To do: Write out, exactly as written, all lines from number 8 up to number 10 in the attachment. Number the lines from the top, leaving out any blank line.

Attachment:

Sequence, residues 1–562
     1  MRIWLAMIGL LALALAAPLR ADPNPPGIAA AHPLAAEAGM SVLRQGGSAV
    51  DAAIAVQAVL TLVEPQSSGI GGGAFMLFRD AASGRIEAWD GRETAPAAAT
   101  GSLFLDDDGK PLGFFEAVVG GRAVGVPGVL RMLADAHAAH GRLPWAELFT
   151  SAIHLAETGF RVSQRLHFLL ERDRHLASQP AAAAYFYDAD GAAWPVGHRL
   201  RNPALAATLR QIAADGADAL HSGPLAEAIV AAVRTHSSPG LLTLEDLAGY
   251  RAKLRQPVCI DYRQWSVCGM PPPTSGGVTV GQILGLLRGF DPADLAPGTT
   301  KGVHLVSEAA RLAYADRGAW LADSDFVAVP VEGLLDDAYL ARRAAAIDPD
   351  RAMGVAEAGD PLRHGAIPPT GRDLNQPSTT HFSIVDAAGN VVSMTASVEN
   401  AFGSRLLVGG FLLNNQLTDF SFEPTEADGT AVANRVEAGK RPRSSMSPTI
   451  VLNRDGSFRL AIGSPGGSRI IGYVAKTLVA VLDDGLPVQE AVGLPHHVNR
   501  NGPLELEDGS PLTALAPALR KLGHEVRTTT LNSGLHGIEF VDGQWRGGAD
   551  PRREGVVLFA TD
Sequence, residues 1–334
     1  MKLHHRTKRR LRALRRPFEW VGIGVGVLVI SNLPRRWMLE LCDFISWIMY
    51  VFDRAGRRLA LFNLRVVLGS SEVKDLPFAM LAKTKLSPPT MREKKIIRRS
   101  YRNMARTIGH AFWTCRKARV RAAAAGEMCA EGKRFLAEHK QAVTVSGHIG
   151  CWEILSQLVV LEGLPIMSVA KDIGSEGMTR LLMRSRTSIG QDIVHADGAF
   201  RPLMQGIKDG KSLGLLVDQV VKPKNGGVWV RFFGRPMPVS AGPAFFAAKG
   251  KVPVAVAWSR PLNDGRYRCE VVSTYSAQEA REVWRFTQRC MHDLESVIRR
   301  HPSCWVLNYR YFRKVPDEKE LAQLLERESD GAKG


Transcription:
   301  KGVHLVSEAA RLAYADRGAW LADSDFVAVP VEGLLDDAYL ARRAAAIDPD
   351  RAMGVAEAGD PLRHGAIPPT GRDLNQPSTT HFSIVDAAGN VVSMTASVEN
   401  AFGSRLLVGG FLLNNQLTDF SFEPTEADGT AVANRVEAGK RPRSSMSPTI